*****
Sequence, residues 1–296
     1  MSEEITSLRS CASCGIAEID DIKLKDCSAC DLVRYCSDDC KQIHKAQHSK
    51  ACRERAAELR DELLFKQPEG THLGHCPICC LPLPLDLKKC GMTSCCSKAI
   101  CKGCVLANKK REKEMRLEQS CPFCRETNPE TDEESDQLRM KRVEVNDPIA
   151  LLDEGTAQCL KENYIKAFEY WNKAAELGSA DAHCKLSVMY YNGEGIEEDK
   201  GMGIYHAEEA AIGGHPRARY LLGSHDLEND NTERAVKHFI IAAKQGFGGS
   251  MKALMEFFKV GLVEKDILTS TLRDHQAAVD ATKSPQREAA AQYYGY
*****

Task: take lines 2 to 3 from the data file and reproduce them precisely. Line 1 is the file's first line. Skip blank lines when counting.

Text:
     1  MSEEITSLRS CASCGIAEID DIKLKDCSAC DLVRYCSDDC KQIHKAQHSK
    51  ACRERAAELR DELLFKQPEG THLGHCPICC LPLPLDLKKC GMTSCCSKAI